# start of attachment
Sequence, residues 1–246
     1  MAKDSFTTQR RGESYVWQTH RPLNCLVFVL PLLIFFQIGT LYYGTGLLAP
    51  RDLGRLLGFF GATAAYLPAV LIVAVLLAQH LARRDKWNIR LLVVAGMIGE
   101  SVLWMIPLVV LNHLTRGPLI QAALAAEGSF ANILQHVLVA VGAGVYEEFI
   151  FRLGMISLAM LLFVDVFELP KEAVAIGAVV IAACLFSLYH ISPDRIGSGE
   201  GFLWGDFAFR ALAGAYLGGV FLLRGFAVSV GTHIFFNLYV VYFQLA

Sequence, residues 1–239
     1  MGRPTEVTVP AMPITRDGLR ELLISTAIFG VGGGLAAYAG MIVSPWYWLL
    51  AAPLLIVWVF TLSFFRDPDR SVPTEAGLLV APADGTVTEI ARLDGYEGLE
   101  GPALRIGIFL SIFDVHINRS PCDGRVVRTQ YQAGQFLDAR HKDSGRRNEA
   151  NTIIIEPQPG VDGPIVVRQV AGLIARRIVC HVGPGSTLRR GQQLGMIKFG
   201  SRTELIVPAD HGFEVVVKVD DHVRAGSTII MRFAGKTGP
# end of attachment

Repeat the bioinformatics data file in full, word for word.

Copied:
Sequence, residues 1–246
     1  MAKDSFTTQR RGESYVWQTH RPLNCLVFVL PLLIFFQIGT LYYGTGLLAP
    51  RDLGRLLGFF GATAAYLPAV LIVAVLLAQH LARRDKWNIR LLVVAGMIGE
   101  SVLWMIPLVV LNHLTRGPLI QAALAAEGSF ANILQHVLVA VGAGVYEEFI
   151  FRLGMISLAM LLFVDVFELP KEAVAIGAVV IAACLFSLYH ISPDRIGSGE
   201  GFLWGDFAFR ALAGAYLGGV FLLRGFAVSV GTHIFFNLYV VYFQLA

Sequence, residues 1–239
     1  MGRPTEVTVP AMPITRDGLR ELLISTAIFG VGGGLAAYAG MIVSPWYWLL
    51  AAPLLIVWVF TLSFFRDPDR SVPTEAGLLV APADGTVTEI ARLDGYEGLE
   101  GPALRIGIFL SIFDVHINRS PCDGRVVRTQ YQAGQFLDAR HKDSGRRNEA
   151  NTIIIEPQPG VDGPIVVRQV AGLIARRIVC HVGPGSTLRR GQQLGMIKFG
   201  SRTELIVPAD HGFEVVVKVD DHVRAGSTII MRFAGKTGP